Cracks in the Road: Resolving Unintentional Maintenance Impacts on a Residential Development
All residential development projects encounter problems and complications. Some are expected, but most are not. The Summerlake subdivision in Wintergarden, Fla., required maintenance and mitigation due to unexpected construction delays that allowed cracks to form in the roadways. The following article looks at how these problems were identified, evaluated and mitigated using geotechnical engineering and drainage technologies.
In early 2008, the internal roadway within the Summerlake subdivision was constructed with a soil-cement base. However, development of the residential lots was delayed due to a housing recession—the residential structures within this portion of the subdivision were only built out in 2015. After the lengthy delay, the roadways were showing signs of block cracking with localities of significant seepage and pumping of fines through the base and at the curbs (see above photo).
An evaluation was performed to determine the root cause of groundwater-related pavement distress as well as recommendations for retrofitting. The evaluation revealed seven areas manifesting signs of groundwater-related pavement distress (see Figure 1).
The seven pavement segments are as follows:
• Area 1: A portion of Red Crossbill Street (approximately 180 feet from the midpoint of the road and southward toward its intersection with Spotted Sandpiper Boulevard).
• Area 2: A portion of Bahama Swallow Boulevard (approximately 380 feet between the intersections of Red Crossbill Street and Spotted Sandpiper Boulevard).
• Area 3: A portion of Porter Road (approximately 220 feet between the intersection of Spotted Sandpiper Boulevard and Key West Dove Street).
• Area 4: White Pelican Drive (approximately 525 feet) and a portion of Bahama Swallow Boulevard (approximately 225 feet).
• Area 5: A portion of Pacific Loon Street between Bahama Swallow Boulevard and Spotted Sandpiper Boulevard (approximately 380 feet).
• Area 6: A portion of Atlantic Puffin Street (approximately 460 feet) between Bahama Swallow Boulevard and Spotted Sandpiper Boulevard, and a portion of Bahama Swallow Boulevard (approximately 225 feet).
• Area 7: A portion of Bahama Swallow Boulevard (approximately 65 feet) west of the intersection of Spotted Sandpiper Boulevard.
Three of the seven locations (1, 2 and 3) correspond to significant elevation changes in pre-development landscape, with transitions from moderately drained soils on the higher ground to poorly drained soils at the lower end.
It was revealed that Area 2 was within a wetland bed. During development, a dewatering ditch system was constructed prior to backfilling the ditch area for roadway development and lot-terraced construction. Moreover, Area 2 showed a drastic rise in the water table at the location of the former ditch, and it experienced the most-severe groundwater pumping and seepage. The drastic rise in the water table elevation at Area 2 (see Figure 2) is caused by the following factors:
• Backfilling of pre-development ditches, which resulted in an approximately 3-foot rise in the water table at this location. The water table was measured at the very start of the 2017 wet season.
• Very permeable fine-sand layers on this slope that transmit groundwater at high flows, which may render conventional underdrains ineffective.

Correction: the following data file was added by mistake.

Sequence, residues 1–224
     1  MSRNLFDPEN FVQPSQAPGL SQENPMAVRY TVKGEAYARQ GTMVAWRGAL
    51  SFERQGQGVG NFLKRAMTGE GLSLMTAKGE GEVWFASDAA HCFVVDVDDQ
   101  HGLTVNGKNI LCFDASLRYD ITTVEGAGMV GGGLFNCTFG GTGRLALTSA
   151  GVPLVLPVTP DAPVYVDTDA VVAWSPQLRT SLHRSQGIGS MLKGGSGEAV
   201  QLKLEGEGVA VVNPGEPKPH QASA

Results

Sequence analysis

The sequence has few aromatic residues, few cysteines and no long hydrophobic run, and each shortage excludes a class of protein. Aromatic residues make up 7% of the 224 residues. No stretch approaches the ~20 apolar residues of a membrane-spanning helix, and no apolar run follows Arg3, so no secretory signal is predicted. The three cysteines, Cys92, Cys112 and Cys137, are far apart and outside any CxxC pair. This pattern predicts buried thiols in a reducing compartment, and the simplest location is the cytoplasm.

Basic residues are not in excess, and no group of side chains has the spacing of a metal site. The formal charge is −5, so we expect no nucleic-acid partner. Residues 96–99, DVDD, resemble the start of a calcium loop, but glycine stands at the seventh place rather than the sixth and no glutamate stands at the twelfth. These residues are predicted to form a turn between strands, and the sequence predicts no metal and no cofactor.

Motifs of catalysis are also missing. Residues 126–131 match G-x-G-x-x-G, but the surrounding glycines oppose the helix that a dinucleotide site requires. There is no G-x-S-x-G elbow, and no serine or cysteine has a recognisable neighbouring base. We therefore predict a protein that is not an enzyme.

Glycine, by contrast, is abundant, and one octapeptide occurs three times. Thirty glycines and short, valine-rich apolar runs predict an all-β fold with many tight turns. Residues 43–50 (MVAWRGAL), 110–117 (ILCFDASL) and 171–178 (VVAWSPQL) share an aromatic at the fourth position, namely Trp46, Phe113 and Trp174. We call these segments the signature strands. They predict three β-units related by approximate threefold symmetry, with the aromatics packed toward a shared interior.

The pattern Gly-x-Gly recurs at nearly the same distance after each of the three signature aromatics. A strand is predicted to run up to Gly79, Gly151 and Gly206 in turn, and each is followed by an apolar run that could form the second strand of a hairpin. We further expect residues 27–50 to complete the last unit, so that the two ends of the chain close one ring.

• Over-irrigation due to the heavy watering of lawns.
• The distressed zones are within a former wetland bed with remnant underground shapes, which encourages seepage toward this locality; boring in this area disclosed muck.
• Lot grading in the locality provides a recharge source, because these lots are terraced and channel subsurface water toward the roadway.
Groundwater-related distress is much less severe at all other areas than Area 2. The recommended solution at all these other locations is to construct standard underdrains located in the landscape areas along each side of affected portions of the roadway for each area (see Figure 3).
The standard underdrains would consist of 6-inch fully perforated ADS pipes with the center of the underdrain pipes located 2 feet behind the roadway curbs. The underdrain pipes would be wrapped with fabric sock and encased within 18-inch-wide by 30-inch-deep sand filler. The underdrain pipe invert will be 30 inches below the top of the pavement at the curb line and 6 inches above the bottom of the sand filler.
With respect to Area 2, more-extensive groundwater interceptions were necessary, including reconstructing the pavement with an underdrain bed below. The new pavement was constructed with a 1.5-inch asphaltic concrete surface layer underdrain by an 8-inch crushed concrete base. A layer of geogrid also was recommended below the base material. The underdrain bed consists of 23.5 inches of free-draining sand with minimum in-place permeability of 25 feet per day. The underdrain bed will be wrapped with filter fabric and overlain with 4-inch-diameter fully perforated ADS underdrain pipes perpendicular to the roadway at a spacing of 10 feet on center.
The underdrain pipes would be wrapped with fabric sock, and the underdrain pipe inverts will be 3 inches above the bottom of the underdrain bed. An 8-inch trunk line is required to connect the underdrain pipes and discharge the groundwater flow to the receiving system (see Figure 4).
Currently, all the underdrains—including the driveway approaches in Areas 1, 3, 4, 5, 6 and 7—have been constructed at a total cost of $152,000. The intriguing reconstruction of Area 2, where the underdrain array would be placed within the roadway area, was also completed at a cost of $187,000. Various problems—including a utility-conflict high-water-table impact, which had to be mitigated by well point, as well as a few frustrated citizens upset about the project’s pace—were cordially resolved.